Exodus – The Escape

And then there was Moses. He thought he had escaped his past and hidden well in his new hometown of Midian. Life back in Egypt had been both hard and good. Good in that Moses enjoyed the privileges and education of royalty as an adopted son in Pharaoh’s kingdom. Hard, because he never forgot his true heritage. He was an Israelite by birth, and it had pained him terribly to see his own people so badly abused. In their defense, one day he killed a cruel Egyptian taskmaster who was tormenting a fellow Hebrew. The loyalty cost him his royal position and he fled to Midian to start a new life—an easier one. The sheep he tended there never argued or fought. They simply followed his lead, and life became good again.

Then God showed up, blazing in a bush along Moses’ path, his life flaming with God’s passion. “Go set my people free,” God commanded. Fear attacked from all sides. How could Moses say no to a holy God? But how could an ordinary shepherd deliver a nation?

“Send someone else,” he countered. But God would not have it. He had chosen Moses from before birth for this task, equipped him in ways he hadn’t even understood. Eventually, Moses began to see. The great I AM would be everything he could need, his own inadequacies insignificant in light of God—powerful, just, and compassionate— leading through him.

So Moses obeyed, step by step, and Israel’s history changed forever. Through ten disastrous plagues, God demonstrated His supremacy over worthless Egyptian idols. Then leading His people on dry land through a parted Red Sea, he sealed Egypt’s attempt to recapture the Israelites by drowning all who pursued them.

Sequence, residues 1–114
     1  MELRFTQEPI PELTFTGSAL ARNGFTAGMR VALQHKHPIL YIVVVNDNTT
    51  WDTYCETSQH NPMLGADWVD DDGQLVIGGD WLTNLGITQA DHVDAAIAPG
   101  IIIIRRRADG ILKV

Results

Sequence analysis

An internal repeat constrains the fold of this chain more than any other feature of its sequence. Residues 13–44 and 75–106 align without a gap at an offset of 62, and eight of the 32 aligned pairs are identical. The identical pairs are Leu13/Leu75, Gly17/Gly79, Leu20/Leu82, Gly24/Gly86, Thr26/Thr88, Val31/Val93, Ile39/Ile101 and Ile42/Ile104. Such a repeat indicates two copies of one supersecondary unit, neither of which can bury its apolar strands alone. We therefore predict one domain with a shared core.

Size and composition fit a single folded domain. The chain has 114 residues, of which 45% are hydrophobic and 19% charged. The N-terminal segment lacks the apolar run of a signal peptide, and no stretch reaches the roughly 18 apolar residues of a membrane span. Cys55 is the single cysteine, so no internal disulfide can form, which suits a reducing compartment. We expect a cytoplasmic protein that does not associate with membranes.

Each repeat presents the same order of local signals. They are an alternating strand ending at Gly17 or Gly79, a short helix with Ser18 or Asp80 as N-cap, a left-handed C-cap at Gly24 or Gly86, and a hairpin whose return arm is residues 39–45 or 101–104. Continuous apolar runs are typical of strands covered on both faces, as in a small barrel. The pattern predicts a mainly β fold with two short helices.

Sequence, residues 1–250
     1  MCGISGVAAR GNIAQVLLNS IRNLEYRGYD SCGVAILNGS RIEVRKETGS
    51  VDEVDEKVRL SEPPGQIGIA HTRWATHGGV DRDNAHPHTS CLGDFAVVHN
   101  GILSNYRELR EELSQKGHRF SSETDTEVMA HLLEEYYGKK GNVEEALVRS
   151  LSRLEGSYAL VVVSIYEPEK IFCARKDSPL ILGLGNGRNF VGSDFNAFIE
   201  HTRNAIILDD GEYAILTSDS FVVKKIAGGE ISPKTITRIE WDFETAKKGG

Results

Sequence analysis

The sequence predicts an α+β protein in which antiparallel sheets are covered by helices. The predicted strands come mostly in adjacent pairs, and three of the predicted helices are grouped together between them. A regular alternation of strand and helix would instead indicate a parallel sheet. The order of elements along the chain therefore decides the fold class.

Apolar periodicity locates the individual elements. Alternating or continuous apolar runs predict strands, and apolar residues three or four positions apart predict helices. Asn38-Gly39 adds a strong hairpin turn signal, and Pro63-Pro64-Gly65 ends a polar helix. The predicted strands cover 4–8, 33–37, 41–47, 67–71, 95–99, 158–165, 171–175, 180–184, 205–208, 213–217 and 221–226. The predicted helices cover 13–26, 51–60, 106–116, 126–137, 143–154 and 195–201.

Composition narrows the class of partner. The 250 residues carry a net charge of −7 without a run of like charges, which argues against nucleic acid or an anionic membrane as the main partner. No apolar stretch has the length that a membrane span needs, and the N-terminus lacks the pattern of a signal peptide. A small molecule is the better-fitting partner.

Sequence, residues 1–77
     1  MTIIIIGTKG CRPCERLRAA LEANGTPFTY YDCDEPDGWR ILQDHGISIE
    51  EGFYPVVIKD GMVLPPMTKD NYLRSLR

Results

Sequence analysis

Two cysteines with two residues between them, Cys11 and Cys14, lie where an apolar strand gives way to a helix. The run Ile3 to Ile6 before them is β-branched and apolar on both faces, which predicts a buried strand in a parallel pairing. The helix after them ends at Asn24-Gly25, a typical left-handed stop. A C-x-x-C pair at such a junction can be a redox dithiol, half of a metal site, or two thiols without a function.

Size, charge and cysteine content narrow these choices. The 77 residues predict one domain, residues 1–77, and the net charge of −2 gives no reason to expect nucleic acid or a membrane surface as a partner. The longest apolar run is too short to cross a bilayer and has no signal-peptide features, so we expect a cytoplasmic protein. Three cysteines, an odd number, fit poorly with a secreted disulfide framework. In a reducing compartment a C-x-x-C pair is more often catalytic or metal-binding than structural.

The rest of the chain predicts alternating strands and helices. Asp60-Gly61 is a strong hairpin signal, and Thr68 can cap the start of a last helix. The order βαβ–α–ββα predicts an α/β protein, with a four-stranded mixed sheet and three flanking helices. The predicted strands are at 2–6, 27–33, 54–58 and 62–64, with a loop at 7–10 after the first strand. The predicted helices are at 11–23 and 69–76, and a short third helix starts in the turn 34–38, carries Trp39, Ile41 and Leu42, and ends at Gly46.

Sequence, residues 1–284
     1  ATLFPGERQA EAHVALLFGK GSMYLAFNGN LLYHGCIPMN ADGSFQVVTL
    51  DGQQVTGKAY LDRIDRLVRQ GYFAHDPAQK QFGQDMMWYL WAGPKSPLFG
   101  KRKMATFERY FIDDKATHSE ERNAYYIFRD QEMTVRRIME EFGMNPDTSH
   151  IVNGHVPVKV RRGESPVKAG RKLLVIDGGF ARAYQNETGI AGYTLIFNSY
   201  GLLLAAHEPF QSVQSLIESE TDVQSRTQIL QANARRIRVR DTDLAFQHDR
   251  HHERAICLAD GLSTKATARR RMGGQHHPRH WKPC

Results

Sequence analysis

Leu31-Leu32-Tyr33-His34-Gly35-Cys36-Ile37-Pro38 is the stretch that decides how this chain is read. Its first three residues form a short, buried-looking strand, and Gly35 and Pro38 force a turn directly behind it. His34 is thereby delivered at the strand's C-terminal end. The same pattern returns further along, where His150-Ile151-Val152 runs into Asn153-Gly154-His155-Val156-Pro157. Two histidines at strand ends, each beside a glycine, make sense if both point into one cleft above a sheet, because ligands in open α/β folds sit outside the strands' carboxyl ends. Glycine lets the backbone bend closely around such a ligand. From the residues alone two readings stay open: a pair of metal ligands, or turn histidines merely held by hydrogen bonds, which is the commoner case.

The Israelites slowly realized they were a people again—God’s people, freed from former bondage to worship the One who delivered them. Moses as mediator received God’s commands for holy living, instructions for the Tabernacle. He explained to God’s people what it meant to have fellowship with a righteous God…what it looked like for their relationship to be restored, to be one again.

At Exodus’ conclusion, they built the Tabernacle, and God’s glory descended to fill it. God had come to dwell with His people, to love and lead them through life. His cloud by day and fire by night reminded Moses and all God’s people: The great I AM always has been and forever will be the one you need.

Who was Moses and why did God choose him?

When you learn about Moses, how does he relate to your life? Read Exodus 1-14.

What did you learn about Aaron, Miriam, Pharaoh and the Israelites?

How does the Passover Lamb point to Jesus?

How does your life relate to the Israelites?